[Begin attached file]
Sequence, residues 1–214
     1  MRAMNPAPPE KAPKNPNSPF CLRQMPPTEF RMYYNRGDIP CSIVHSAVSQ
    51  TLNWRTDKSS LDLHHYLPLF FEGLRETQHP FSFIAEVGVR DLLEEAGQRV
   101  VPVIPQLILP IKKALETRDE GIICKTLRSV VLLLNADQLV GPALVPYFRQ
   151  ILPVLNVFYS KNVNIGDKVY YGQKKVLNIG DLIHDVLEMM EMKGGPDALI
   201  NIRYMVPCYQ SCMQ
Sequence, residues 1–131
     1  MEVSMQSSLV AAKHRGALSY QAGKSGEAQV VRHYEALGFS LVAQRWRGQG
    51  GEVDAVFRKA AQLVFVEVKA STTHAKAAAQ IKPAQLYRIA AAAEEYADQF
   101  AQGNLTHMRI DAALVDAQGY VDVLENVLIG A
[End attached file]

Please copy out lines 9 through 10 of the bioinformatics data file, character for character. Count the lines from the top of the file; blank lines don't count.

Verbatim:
    51  GEVDAVFRKA AQLVFVEVKA STTHAKAAAQ IKPAQLYRIA AAAEEYADQF
   101  AQGNLTHMRI DAALVDAQGY VDVLENVLIG A